The sun is out and I’m just back from my holiday,s so feeling a little playful (my definition of ‘playful’ is reason number 28) so I thought to bring some joy (#79) to your lives by addressing a bugbear of mine.

Downside protection is so vitally important, because if a stock falls by one third 33.333 … % it needs to rise by 50% to recover your loses and if it falls by 50% it needs to double.

Don’t get me wrong, downside protection **IS** very important , I spend a lot of time on the subject (#44), but the above statements are a trick, a mathematical gimmick.

It is a matter of convention that we measure the percentage change in something by taking the difference between the new value and the old value and dividing by the old value – it is so ingrained in our minds that we don’t even think about it.

But, just suppose that convention had taken another path and we routinely described percentage change with  reference to the new value not the old one.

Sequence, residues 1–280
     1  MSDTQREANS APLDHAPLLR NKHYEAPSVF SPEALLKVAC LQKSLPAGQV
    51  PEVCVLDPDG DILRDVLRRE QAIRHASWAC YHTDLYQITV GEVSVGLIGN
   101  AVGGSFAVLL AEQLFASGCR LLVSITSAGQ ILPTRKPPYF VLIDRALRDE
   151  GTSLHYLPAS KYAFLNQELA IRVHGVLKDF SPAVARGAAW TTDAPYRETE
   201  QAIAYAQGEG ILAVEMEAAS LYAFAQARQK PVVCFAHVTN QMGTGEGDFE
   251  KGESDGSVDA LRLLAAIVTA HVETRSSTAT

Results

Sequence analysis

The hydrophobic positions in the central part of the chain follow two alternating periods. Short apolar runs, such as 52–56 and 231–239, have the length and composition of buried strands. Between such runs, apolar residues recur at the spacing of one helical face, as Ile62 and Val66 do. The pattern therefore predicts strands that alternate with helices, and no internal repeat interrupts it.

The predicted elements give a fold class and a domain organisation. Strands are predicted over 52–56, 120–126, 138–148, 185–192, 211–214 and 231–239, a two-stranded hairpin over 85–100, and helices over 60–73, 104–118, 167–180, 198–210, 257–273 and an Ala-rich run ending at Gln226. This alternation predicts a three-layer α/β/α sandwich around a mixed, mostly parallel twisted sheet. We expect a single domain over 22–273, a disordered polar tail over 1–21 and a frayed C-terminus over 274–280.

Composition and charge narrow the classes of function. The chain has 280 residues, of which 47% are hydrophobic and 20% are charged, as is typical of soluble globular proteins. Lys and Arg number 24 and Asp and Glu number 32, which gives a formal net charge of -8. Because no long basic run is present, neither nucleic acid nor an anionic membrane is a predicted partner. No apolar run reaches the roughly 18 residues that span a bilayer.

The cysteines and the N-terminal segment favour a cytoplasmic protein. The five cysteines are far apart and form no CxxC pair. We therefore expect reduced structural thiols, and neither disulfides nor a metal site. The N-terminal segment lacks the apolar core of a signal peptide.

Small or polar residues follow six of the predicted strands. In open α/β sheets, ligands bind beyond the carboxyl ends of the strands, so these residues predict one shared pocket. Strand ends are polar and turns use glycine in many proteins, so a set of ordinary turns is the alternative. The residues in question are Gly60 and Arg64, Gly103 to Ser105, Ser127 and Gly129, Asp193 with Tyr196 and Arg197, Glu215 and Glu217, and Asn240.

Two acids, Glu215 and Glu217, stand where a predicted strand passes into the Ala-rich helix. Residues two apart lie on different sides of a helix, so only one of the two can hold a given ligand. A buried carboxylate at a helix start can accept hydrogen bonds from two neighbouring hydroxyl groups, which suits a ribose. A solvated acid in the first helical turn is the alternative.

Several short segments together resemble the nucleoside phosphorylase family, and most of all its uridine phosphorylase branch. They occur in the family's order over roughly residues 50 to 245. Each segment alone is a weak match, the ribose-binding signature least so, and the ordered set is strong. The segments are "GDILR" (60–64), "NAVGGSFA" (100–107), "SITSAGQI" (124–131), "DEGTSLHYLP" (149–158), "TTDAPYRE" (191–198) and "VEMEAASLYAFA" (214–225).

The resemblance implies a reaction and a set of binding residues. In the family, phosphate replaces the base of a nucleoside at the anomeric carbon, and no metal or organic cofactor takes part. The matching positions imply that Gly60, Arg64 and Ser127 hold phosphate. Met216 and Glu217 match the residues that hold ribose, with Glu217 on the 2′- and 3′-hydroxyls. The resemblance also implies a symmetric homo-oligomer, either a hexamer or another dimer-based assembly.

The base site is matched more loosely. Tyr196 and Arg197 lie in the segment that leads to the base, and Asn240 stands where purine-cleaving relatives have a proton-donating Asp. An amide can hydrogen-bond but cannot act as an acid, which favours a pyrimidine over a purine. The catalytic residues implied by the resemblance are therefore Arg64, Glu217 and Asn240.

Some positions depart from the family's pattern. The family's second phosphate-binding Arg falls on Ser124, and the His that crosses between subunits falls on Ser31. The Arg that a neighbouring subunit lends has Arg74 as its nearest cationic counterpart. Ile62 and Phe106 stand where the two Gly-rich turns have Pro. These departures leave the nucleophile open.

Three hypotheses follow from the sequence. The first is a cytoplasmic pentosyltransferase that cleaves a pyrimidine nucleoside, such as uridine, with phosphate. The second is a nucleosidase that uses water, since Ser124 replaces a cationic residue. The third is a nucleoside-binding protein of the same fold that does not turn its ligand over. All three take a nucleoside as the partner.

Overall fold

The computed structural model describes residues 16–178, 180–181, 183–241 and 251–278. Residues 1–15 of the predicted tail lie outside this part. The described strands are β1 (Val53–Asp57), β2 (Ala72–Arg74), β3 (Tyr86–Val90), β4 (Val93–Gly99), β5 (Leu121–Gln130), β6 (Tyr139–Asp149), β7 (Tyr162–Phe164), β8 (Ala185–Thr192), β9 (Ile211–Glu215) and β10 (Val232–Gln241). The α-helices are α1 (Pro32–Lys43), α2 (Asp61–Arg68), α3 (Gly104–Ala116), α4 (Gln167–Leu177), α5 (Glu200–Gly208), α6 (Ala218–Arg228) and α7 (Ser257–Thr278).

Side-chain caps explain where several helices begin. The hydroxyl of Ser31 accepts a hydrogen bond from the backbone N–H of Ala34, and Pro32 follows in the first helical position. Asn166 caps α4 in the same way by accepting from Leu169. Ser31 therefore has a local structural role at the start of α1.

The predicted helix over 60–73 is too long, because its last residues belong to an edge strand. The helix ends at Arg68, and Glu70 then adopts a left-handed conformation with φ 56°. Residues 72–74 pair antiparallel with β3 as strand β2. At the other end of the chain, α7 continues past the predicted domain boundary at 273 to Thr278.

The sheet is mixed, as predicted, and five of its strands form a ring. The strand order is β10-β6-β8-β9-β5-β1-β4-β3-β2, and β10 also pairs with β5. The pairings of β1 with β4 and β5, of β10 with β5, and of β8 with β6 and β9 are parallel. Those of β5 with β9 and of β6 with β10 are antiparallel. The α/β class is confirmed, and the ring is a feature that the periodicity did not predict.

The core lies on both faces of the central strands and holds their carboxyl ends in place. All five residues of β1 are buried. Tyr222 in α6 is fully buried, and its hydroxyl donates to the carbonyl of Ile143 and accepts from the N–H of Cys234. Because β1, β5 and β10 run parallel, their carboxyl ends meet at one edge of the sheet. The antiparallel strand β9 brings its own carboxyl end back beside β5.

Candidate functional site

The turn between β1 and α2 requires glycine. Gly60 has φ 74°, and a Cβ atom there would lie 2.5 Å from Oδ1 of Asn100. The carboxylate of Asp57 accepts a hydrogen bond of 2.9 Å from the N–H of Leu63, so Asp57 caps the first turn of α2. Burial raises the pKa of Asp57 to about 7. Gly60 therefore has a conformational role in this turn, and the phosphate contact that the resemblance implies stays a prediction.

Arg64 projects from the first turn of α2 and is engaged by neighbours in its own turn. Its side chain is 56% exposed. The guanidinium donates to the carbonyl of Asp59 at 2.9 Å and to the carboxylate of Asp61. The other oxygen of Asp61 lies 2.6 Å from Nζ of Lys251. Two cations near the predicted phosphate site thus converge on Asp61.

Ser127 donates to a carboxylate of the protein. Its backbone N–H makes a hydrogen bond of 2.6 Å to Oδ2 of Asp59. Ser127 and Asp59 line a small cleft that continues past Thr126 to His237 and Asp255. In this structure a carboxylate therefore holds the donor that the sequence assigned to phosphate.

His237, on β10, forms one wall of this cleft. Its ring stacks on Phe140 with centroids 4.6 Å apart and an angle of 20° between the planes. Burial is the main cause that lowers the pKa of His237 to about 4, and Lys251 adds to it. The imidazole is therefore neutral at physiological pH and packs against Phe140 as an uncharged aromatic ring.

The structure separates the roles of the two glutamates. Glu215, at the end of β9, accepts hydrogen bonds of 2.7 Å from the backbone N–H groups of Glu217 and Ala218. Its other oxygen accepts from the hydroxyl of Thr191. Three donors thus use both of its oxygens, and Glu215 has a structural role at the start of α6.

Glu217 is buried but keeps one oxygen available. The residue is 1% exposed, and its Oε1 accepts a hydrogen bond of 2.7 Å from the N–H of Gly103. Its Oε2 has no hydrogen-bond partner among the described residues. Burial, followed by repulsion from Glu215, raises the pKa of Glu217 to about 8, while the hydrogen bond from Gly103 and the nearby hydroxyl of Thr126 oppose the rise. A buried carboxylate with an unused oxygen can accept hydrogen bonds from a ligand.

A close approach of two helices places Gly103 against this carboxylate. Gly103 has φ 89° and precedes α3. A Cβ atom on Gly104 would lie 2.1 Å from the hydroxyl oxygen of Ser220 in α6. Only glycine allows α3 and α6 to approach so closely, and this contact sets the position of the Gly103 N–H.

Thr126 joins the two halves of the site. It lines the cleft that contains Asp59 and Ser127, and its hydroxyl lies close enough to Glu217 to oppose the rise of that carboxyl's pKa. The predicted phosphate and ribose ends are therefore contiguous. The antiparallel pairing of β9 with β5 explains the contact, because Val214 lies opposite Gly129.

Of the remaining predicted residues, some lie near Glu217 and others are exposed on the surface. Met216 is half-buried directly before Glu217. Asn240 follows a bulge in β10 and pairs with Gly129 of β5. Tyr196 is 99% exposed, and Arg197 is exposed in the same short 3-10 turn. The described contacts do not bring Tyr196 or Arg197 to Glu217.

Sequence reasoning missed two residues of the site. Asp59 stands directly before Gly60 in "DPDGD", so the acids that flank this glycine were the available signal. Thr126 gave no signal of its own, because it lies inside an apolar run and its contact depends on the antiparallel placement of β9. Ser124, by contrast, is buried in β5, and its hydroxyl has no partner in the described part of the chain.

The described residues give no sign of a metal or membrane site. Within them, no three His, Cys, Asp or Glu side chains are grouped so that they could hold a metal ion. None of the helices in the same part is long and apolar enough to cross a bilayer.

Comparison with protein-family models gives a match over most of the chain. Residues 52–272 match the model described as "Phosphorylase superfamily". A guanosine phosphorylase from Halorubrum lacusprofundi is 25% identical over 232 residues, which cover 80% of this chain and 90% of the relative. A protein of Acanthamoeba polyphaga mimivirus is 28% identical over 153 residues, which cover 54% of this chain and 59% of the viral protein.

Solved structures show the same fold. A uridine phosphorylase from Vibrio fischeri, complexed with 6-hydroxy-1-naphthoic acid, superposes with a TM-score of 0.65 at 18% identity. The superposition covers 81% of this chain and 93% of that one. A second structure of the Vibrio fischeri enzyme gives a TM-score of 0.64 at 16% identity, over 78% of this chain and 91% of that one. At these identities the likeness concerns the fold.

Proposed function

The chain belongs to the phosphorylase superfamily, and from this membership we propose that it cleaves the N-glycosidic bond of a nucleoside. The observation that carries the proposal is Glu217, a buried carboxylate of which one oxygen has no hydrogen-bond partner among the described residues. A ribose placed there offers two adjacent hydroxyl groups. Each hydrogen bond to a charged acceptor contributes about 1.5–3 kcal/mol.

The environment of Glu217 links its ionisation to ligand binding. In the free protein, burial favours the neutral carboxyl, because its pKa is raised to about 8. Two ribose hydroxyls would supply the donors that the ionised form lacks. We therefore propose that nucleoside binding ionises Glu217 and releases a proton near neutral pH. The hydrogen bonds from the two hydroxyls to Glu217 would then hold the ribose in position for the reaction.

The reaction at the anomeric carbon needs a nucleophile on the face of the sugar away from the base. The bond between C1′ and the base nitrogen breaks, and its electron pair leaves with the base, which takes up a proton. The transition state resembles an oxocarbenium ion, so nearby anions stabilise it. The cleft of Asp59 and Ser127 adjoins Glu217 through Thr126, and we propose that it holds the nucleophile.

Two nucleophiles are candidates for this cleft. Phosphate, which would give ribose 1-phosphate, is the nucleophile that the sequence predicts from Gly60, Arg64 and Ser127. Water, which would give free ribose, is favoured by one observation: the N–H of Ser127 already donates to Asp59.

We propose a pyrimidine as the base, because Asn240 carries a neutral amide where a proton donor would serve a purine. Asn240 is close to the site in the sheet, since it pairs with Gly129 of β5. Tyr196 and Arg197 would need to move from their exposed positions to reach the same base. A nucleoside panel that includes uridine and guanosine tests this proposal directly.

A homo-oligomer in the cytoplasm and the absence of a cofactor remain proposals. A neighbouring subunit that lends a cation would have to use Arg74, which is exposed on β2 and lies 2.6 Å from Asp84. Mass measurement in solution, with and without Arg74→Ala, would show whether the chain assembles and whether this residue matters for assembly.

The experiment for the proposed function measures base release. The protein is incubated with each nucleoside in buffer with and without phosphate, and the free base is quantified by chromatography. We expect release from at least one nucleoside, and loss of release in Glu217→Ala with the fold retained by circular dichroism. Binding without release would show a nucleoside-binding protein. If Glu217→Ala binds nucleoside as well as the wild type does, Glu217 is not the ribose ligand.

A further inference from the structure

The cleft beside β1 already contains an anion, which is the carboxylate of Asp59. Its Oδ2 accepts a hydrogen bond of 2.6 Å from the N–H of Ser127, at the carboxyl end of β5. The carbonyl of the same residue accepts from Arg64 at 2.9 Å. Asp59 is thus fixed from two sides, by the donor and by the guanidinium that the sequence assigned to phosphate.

Instead of a movement of 100 to 50 being described as -50% [ (50-100) /100 ] it would be -100% [ (50-100)/50 ] and the change needed to reverse such a move would be +50% [ (100-50) /100 ] and not +100% [ (100-50)/50 ].

Anyway if you are still with me and have not yet gouged your eyes out; the point I am addressing is that the quotes above are usually used to infer that a large fall is very difficult to recover.  I would argue that nothing is further from the truth – “the market” zig-zags upwards over time (although past performance is no guarantee of the future) and it doubles far more frequently than it halves.

Now  I do not want to mislead; if a single stock falls by a substantial amount then you do need to consider very seriously whether it is fatally wounded and how strong the case for recovery is. “Catching falling knives” is not a great hobby and what goes down, often goes down more.

Also we all KNOW that the modern economy is so disrupted that reversion to mean no longer works.

DO WE? Is the internet really more disruptive than the Spinning Jenny? (This is reason number 2 and you really, really,…

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